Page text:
Hunt hits ground running after replacing Pepperdine legend Dunphy

David Hunt, left, with former Pepperdine standout Kim Hill and his old boss, Marv Dunphy

New Pepperdine men’s coach David Hunt’s coaching education is one that most would envy.

Before being promoted to the Wave’s top position earlier this month in the wake of coaching-legend Marv Dunphy’s retirement, Hunt had been an assistant in the program in varying capacities for Dunphy over the last decade.

Intertwined in that time was a stint as an assistant with the USA women’s national team under sport great Karch Kiraly. He also had two head-coaching stints while with the national team, one leading the 2014 team at the NORCECA World Championship qualifier and in 2015 when he coached Team USA at the Pan-American Cup in Peru.

In 2013 and 2014, Hunt was an assistant coach with the Japanese men’s national team under head coach Gary Sato.

Now, Hunt takes over the reins of one of the most well-known and successful men’s programs in the country, replacing one of the icons of the sport.

David Hunt

“Oh man, I don’t know if this all has hit me yet,” Hunt said. “It’s very emotional. It’s a mixed bag of emotions.

“I’d have been Marv’s assistant for the next 30 years. I was ready to do that and then he retired. There is a lot of excitement that comes with this job and there also is a lot of pressure because Marv set the bar so high. Marv is not a normal coach. Look at all the great things he’s done. It’s a good pressure. This is cool but I know it’s a tall task because of what has been done here before.”

Hunt said he would not be in the position he is in without Dunphy.

“Everything I learned about volleyball came from him,” he said. “Marv’s a pro and taught me so much.”

Hunt, who played in high school at Sherman Oaks (Calif.) and in club for Santa Monica Beach Club, played two years at Los Angeles Pierce College in Woodland Hills, Calif. He graduated from UCLA with a degree in history.

“I was never very good as a player so I got into coaching really quick,” Hunt said with a laugh. “A lot of people tried to get me better as a player and it never worked. I’m thankful that I played for a lot of good coaches, including Tom Black when I was a club player. I got to coach with Tom on the national team. I was introduced to some high-level volleyball at a young age and that sparked an interest and a desire to get into coaching someday.”

Since 2007, Hunt held positions at Pepperdine ranging from student manager, video coordinator and volunteer assistant before being elevated assistant coach in 2010 and associate head coach in 2014.

“Everything I’ve learned about the sport is because of (Dunphy). Having the opportunity to become a world-class coach and go the Olympics (with the U.S. women in 2016) is because of that man and the Pepperdine program.

“Usually guys work their way up to be assistants and have big success other places. I’ve been on a unique journey and I’ve found a great fit at Pepperdine because of it. Everything came from Marv.”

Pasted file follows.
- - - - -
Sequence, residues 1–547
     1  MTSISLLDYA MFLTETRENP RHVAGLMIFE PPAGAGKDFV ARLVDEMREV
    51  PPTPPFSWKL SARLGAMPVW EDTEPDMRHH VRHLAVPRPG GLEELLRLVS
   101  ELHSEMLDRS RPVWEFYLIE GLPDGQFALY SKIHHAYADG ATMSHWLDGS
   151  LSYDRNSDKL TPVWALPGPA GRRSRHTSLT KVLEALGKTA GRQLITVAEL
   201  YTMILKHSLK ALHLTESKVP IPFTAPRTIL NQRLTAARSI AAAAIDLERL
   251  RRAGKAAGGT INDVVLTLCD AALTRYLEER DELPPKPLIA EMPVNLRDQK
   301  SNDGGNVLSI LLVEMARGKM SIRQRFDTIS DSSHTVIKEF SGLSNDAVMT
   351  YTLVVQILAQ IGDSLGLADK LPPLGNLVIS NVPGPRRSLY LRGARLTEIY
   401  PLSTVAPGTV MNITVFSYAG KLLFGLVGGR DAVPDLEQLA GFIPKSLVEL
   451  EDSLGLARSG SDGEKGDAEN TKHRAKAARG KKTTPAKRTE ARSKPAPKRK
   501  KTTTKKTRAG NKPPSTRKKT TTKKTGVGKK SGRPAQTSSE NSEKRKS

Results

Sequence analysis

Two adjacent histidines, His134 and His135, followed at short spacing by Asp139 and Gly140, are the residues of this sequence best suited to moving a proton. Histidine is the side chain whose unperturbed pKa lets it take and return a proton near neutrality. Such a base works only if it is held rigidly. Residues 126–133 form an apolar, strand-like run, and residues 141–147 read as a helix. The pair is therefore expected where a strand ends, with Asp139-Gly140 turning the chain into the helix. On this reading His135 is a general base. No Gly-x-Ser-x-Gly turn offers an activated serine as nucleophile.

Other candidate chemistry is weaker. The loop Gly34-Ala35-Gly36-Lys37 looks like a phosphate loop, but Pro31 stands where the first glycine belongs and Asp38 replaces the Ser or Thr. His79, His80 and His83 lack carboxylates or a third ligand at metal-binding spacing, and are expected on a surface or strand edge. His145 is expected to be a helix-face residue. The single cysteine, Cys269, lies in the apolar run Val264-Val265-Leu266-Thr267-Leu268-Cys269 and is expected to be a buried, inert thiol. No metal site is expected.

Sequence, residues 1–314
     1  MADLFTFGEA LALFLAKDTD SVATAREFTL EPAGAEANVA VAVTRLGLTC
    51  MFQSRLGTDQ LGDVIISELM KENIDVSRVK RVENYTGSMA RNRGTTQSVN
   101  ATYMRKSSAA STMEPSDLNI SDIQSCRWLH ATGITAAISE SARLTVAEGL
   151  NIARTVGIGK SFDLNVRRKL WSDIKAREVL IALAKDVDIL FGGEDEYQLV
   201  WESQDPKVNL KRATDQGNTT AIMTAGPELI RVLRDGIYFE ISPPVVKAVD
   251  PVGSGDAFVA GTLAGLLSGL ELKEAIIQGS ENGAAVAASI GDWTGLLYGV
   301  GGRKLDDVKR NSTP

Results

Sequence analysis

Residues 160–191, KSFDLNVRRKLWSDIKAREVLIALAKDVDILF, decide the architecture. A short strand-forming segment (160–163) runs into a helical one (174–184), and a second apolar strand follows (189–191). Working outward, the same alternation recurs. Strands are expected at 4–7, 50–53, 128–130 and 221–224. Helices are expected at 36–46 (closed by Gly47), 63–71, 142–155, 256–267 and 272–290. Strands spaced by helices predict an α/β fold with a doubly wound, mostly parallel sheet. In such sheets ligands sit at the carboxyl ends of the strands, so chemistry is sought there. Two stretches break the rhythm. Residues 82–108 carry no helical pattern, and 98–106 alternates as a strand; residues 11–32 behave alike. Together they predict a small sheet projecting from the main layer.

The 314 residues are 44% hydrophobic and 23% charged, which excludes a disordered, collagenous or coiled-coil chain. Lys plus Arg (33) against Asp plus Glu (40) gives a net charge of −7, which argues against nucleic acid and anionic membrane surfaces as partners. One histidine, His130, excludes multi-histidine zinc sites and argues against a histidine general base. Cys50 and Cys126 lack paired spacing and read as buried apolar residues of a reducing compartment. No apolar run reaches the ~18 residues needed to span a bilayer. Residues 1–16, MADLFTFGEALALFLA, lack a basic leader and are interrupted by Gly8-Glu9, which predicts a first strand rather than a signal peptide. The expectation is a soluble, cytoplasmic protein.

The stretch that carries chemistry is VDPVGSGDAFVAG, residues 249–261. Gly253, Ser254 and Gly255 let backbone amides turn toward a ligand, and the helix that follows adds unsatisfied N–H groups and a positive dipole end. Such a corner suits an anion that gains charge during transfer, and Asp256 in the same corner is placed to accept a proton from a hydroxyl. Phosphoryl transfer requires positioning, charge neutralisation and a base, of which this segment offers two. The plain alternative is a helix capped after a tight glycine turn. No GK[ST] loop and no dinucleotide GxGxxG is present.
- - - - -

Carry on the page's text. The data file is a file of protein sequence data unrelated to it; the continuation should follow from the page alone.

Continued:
Hunt has a separate reason aside from volleyball to be excited about his new position.

“It’s a great place,” he said. “Every time I would go away, whether it was with the U.S. team or something else, someone would talk to me about Pepp and it would remind me how great the people are there. The people make the university special.

“It’s not because it’s in Malibu or because the campus is by the ocean. It’s the people who make it the great place it is. Where else are you going to find a place where the president of the university has the men’s team over for a sleep over and cooks them breakfast in the morning? Things like that are what make it such a special place.”

When he talked to last week, Hunt had not yet been back on Pepperdine’s campus since the announcement. He’s been hot on the recruiting trail and also has been coaching a USA Volleyball High Performance boys’ Southern California region team in Florida.

“It’s very humbling coaching these guys,” said Hunt of his HP squad. “This is a game where a lot of lessons are taught. These guys aren’t in college yet where their ID already is formed. The way they implement these types of lessons will shape how they are as competitors down the road.”

Hunt, who holds a master’s degree in coaching and athletic administration from Concordia-Irvine, said on his many-things-to-do list at Pepperdine is hiring a new assistant coach.

“I’m taking it one day at a time,” he said. “I’ve been recruiting hard so that’s on the immediate list of things. It’s all about time management. We’ll have a plan in place on how to best develop the team. What we do today affects tomorrow. We’re going to take a look at where we are at and we’re going to continue to get better.”

Pepperdine, which won five NCAA titles under Dunphy’s direction, is coming off a 2017 season where it went 10-12 overall, 8-10 in Mountain Pacific Sports Federation play, losing in the quarterfinals of the league tournament.

Pepperdine’s incoming freshmen class is ranked No. 8 by and features three Boys Fab 50 selections in Alex Gettinger (6-4, OH, HP St. Louis), Zac Norvid (6-0, libero, Sports Performance) and Spencer Wickens (5-11, libero, Pace Bootlegger).


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